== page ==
Your Rights To Colleen, who wrote about the State Theatre: Let me thank you for sharing your views; I think most of us are well in support of the first amendment, because as you know- it gives everyone the opportunity to express their opinions. I also wanted to thank Northern Express for not shutting down these types of letters right at the source but rather giving the community a platform for education...

No Role Model [Fascinating Person from last week’s issue] Jada quoted: “I want to be a role model for girls who are interested in being in the outdoors.” I enjoy being in the outdoors, but I don’t want to kill animals for trophy...

Home · Articles · News · Random Thoughts · Dear Old Ireland
. . . .

Dear Old Ireland

Robert Downes - October 11th, 2007
Have you ever been to Moyvore? Not many people have. It‘s a tiny village in County Westmeath in the very center of Ireland. It‘s not on any tourist route -- there’s nothing much to do there. It’s an anonymous place of lumpy fields, populated mostly by sheep and cows.
Yet it is was from here in 1850 that my great, great (great?) grandfather, Michael Downes, emigrated to the United States. I am his 259th descendant.
If you have more than a dash of Irish blood in ye, chances are that someday you’ll travel to the Emerald Isle in search of your roots. The place is teeming with American visitors, packed into tour buses.
We Americans mob Ireland searching for clues to our past in the picturesque pubs, which are as lacquered and ornate as antique music boxes. We look hopefully to the heather, the occasional thatched-roof cottage, and the rocky walls of the old country, seeking signs of our roots. It’s an impulse we Irish-Americans have, similar to the need of every good Muslim to visit the holy city of Mecca at least once in a lifetime, or the quasi-expectation of every American parent to take their kids to Disneyworld.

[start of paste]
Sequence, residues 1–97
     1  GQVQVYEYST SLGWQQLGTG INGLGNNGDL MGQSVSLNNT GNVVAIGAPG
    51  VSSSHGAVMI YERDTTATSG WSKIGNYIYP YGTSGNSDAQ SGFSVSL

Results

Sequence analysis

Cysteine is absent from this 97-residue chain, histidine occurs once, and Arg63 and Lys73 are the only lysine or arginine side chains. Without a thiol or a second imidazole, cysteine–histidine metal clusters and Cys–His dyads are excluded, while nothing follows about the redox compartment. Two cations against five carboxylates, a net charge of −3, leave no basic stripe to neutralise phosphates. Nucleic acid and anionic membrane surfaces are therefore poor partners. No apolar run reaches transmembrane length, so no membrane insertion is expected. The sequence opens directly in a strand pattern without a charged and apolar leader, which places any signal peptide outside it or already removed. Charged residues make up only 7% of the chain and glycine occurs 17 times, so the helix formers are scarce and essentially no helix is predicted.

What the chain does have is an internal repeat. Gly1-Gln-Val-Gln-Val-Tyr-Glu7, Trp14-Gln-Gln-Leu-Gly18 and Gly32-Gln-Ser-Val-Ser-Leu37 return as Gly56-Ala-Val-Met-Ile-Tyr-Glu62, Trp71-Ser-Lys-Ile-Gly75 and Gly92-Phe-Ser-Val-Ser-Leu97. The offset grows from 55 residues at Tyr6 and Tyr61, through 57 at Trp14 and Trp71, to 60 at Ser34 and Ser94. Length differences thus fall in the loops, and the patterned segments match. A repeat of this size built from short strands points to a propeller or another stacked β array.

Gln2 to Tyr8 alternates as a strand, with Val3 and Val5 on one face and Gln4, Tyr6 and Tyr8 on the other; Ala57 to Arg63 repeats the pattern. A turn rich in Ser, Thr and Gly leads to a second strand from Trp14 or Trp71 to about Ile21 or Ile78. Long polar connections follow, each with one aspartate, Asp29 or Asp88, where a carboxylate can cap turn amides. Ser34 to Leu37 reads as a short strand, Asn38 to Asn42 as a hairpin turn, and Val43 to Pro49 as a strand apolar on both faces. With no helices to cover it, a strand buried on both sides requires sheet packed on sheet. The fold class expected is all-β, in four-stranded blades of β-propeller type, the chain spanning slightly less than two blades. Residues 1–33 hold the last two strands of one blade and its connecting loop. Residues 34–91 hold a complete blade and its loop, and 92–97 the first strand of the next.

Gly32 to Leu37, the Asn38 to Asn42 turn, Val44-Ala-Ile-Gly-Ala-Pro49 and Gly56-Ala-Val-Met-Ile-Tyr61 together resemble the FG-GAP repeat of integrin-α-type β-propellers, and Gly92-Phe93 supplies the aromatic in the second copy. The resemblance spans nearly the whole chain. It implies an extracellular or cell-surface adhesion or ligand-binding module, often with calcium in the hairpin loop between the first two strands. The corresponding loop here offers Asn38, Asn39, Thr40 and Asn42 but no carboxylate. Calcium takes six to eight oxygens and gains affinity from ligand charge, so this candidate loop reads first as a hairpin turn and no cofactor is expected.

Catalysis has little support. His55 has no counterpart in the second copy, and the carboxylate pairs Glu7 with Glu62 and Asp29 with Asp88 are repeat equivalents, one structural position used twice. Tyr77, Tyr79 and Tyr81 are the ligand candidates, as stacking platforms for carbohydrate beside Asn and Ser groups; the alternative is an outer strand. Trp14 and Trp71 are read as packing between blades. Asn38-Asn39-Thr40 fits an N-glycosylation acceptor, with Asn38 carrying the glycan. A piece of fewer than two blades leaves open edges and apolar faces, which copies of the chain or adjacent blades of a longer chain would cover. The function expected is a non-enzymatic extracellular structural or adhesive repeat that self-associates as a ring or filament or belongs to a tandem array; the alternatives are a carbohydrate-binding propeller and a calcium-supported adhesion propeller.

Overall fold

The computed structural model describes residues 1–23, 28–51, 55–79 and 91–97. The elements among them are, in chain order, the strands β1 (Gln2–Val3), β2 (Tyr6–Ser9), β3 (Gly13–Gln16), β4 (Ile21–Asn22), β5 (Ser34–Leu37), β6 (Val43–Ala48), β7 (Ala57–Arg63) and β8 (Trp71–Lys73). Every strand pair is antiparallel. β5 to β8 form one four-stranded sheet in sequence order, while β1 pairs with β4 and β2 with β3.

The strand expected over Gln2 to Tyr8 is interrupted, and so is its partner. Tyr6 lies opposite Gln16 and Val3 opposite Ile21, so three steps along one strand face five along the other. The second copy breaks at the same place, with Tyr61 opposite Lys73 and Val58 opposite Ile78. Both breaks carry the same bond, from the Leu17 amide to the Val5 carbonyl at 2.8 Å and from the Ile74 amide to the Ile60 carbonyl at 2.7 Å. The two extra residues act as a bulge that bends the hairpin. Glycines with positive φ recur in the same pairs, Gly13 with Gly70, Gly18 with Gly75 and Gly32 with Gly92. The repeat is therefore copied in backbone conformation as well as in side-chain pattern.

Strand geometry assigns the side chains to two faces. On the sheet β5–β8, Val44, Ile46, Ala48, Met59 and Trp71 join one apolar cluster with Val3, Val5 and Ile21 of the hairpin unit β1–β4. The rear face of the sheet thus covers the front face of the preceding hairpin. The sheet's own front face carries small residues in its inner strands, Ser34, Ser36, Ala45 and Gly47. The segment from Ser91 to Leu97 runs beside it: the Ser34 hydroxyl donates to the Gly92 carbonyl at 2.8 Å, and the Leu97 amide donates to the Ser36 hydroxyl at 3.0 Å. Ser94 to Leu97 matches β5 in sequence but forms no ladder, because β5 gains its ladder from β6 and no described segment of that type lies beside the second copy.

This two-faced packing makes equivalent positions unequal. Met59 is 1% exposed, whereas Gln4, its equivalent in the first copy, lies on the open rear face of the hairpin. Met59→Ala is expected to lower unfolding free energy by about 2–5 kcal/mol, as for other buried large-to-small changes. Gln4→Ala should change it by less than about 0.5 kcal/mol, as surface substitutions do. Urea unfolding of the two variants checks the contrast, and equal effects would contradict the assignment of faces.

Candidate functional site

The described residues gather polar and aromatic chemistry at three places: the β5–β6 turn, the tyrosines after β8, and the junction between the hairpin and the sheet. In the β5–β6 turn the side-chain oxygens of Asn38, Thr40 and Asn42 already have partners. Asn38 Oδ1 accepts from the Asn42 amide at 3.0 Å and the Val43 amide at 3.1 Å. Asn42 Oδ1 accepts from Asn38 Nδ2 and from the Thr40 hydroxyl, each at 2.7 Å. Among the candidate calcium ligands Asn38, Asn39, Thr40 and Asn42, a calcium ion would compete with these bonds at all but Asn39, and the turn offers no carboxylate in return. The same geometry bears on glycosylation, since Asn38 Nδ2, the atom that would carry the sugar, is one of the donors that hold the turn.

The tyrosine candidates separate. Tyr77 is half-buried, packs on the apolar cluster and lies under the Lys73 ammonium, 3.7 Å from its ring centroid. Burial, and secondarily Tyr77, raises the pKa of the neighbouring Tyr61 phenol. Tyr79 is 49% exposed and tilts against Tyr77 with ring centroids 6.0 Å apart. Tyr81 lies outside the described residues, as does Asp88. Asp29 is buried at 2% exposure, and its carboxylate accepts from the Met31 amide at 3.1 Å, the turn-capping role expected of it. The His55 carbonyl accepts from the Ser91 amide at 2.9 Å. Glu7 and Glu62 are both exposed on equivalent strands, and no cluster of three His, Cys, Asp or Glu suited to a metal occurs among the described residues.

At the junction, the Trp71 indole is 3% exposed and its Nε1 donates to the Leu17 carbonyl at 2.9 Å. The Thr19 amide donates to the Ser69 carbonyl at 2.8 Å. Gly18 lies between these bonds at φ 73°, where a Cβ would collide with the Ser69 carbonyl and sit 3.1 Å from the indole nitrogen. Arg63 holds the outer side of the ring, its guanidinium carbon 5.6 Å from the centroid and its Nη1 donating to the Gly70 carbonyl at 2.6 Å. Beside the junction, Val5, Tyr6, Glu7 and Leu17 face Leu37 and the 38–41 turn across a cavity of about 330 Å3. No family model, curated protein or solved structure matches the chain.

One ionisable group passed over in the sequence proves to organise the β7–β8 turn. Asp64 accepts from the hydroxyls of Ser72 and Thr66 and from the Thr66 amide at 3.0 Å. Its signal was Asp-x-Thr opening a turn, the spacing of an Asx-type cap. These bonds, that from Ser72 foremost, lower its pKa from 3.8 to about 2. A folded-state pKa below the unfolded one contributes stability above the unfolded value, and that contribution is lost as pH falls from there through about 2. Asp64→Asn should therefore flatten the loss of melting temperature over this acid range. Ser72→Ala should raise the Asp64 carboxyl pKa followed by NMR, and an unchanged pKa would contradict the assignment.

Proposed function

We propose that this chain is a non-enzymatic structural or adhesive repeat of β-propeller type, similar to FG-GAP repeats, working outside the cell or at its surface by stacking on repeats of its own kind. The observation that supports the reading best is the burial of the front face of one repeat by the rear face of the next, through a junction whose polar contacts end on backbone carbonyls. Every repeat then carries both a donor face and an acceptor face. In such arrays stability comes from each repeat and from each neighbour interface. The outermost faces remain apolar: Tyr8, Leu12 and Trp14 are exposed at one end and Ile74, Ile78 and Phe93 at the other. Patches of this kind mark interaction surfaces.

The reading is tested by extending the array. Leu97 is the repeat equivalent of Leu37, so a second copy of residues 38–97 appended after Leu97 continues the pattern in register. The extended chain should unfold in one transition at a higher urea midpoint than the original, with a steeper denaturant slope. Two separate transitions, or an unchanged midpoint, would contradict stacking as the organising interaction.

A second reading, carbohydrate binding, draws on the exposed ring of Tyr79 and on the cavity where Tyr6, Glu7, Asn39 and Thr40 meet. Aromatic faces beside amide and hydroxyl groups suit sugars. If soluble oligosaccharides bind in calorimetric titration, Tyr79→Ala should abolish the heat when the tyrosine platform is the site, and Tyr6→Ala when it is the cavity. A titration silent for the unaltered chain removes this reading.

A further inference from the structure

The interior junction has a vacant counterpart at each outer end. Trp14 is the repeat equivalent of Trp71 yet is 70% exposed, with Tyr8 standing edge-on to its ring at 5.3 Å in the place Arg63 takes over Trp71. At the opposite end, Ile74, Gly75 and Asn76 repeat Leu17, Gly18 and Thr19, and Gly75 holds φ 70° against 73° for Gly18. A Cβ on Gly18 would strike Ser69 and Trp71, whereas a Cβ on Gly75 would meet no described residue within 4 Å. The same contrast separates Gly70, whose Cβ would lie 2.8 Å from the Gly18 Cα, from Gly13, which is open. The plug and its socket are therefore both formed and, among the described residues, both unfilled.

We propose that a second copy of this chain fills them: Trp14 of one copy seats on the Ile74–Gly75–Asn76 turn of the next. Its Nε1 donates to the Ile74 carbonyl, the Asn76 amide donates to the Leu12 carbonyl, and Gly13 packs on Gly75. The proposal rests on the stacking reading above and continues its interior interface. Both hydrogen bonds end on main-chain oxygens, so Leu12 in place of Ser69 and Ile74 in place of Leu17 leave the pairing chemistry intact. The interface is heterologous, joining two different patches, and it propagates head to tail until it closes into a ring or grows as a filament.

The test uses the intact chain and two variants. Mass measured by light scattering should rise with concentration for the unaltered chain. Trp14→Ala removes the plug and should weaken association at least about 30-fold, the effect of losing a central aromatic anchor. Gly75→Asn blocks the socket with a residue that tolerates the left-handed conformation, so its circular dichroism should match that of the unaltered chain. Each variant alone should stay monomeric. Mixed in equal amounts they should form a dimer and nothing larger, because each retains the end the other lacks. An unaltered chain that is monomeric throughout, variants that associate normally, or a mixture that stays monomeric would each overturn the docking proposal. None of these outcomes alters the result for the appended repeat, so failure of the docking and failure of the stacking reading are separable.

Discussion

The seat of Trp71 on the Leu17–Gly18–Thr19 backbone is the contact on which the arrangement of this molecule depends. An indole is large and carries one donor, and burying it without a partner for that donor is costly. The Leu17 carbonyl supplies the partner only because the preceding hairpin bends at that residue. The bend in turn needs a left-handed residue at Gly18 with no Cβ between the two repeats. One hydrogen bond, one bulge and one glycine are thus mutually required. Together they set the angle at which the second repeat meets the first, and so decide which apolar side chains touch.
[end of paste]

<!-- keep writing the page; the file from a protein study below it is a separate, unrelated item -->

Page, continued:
Maybe we have that inbred, instinctual need to return because there is so much pain in Ireland’s past. When Michael Downes left Ireland in 1850 as a man still in his 20s, it was at the tail end of the five-year Potato Famine that killed one million people, with another million fleeing the country.
Ireland’s British overlords actually shipped large amounts of food out of the country during the famine so as not to ‘coddle’ a starving people they considered to be lazy, and perhaps even subhuman.
Many peasant farmers were also evicted from their homes at this time so that the land could be used to raise profitable cattle -- tossed out like unwanted animals with nowhere to go. Thus, writer Jonathan Swift wrote that the roads across Ireland were strewn with corpses, their mouths stained green from trying to live by eating grass.